La Caserne Paris

It was necessary: to transform in depth an industry accused of all the evils and crystallizing all the misdeeds of the globalized society of mass consumption, the new fashion must embark the largest number. Fashion that is necessarily eco-responsible, collaborative, respectful of the planet and its resources, including human resources.

La Caserne Paris

Please note: The eco-responsible issue that the Caserne Paris has embraced is not only about fashion since biodiversity, with its green roof that serves as a playground and foraging ground for bees, or its florist, who only sells plants of guaranteed French origin is in the spotlight. “We also welcome an ultra creative start-up whose design studio and workshop are in our garbage room because its goal is to transform our waste into useful everyday objects! The same goes for this candle creator who recovers cooking oils from our kitchen to valorize all, absolutely all, resources and raw materials”.



Far from the hushed salons of the beautiful luxury avenues, outside the usual fashion paths, parallel to the dynamic shopping streets that make Paris the capital of fashion, the Caserne Paris is the new fashion stronghold. Firemen’s balls have been in full swing for over 100 years, but military parades have given way to parades that are just as joyful… and far more creative and innovative. When Maisons du Monde wanted to signal its trendy, eco-responsible shift, it was at the newly inaugurated La Caserne that the company decided to shout it from the rooftops. The Woolmark Prize, which awarded prestigious design prizes to promising young designers a little more than half a century ago, but under a different name, discovered and rewarded a certain Yves Saint Laurent and another budding prodigy, Karl Lagerfeld, and chose the green roof top at the top of the Caserne.

La Caserne Paris

The same goes for the Andam prize, whose committee of experts in the Fashion tech category meets in what used to be the barracks’ cells to audition the candidates and deliberate. The presentation of the 2023 prize will take place, as last year, in the large reception hall. “In our economic model, these events, which we host within our walls because they highlight the willingness of certain players to change, to be better and more respectful, allow us to house very young fashion startups, penniless but full of good will, at very affordable rates.”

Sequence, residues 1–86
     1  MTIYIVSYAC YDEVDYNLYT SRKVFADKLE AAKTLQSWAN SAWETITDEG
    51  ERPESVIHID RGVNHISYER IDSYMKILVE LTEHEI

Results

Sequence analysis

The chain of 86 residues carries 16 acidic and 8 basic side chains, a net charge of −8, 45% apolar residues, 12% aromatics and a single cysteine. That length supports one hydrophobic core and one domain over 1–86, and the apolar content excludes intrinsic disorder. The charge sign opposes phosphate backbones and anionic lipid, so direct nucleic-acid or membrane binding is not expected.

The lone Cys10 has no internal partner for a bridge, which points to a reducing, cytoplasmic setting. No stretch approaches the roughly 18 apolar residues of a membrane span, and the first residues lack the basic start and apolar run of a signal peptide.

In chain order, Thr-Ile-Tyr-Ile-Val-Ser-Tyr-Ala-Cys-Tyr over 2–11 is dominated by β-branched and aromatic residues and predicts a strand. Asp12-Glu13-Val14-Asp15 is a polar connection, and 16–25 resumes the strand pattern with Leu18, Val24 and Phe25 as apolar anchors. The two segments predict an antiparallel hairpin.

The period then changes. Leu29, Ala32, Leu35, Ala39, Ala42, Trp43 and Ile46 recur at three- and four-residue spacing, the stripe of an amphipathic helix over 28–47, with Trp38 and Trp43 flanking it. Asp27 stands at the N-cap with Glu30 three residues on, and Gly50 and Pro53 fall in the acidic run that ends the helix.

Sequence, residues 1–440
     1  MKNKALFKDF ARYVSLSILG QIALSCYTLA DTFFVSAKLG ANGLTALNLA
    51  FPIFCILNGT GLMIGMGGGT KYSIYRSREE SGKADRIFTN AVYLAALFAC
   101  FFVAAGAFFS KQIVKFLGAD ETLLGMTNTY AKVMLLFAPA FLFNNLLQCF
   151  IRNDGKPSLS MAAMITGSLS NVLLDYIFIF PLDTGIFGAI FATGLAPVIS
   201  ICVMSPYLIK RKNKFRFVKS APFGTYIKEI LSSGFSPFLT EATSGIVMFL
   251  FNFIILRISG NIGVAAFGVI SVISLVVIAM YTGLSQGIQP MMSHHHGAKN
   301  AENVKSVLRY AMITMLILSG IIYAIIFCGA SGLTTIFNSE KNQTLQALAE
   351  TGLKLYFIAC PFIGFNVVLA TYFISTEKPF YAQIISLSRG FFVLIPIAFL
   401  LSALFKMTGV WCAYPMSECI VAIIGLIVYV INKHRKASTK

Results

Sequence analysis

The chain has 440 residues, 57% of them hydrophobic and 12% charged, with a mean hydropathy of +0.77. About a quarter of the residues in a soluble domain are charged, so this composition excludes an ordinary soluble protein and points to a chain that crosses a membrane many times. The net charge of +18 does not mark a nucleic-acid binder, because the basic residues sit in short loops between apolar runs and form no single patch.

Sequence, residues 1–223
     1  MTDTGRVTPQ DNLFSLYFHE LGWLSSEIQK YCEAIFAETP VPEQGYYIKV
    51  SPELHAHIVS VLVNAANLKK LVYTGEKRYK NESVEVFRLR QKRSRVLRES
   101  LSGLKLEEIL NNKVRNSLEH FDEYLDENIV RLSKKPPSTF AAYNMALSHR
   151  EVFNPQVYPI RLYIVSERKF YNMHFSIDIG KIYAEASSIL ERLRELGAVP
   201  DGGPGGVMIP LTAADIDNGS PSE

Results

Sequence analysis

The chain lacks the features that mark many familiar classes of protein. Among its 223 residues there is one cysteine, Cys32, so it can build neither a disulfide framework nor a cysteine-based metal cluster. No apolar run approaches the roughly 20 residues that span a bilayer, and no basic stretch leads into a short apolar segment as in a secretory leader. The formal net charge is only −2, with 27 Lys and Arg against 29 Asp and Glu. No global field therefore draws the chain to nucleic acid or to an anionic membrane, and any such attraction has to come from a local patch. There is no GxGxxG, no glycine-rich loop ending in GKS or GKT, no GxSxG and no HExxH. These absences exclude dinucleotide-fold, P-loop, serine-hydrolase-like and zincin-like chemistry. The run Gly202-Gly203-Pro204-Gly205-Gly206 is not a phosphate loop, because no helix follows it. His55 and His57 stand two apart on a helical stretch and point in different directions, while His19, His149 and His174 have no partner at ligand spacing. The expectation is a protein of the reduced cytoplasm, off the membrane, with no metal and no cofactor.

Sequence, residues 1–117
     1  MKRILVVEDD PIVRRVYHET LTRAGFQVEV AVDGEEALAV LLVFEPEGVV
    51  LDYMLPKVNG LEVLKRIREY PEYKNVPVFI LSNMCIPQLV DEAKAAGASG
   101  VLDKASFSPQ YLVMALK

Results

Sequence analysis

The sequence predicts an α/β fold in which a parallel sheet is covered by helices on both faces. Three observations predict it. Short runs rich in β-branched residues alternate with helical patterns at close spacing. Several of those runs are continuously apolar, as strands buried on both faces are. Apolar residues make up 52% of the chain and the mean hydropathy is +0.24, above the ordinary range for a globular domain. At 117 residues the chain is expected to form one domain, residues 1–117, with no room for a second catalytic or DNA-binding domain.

Training to transform


Out of the first 50 residents, 4 start-ups have already hatched and gone their own way, in stores with a street address. One of them, Julia Faure’s company, Loom, has played the game of revitalizing neighborhood life by setting up shop a few blocks from its incubator.

La Caserne Paris

It’s easy to see why the waiting list to join La Caserne is getting longer and longer. Creative workshops, coworking spaces, meeting rooms related to the theme of fashion, exhibition and animation spaces … this incubator for young companies ensures a role of support as well as showcase, trainer – “because we must train to transform”, insists Maeva Bessis – through a rich and diverse program of “meet-up”. “No, these are not conferences, but rather meetings where the exchange with the public is often much longer,” she emphasizes. In all, La Caserne has about 1700 m2 of workshops and offices for fashion brands or service companies closely or remotely related to the transformation of the fashion industry.

Isabelle Manzoni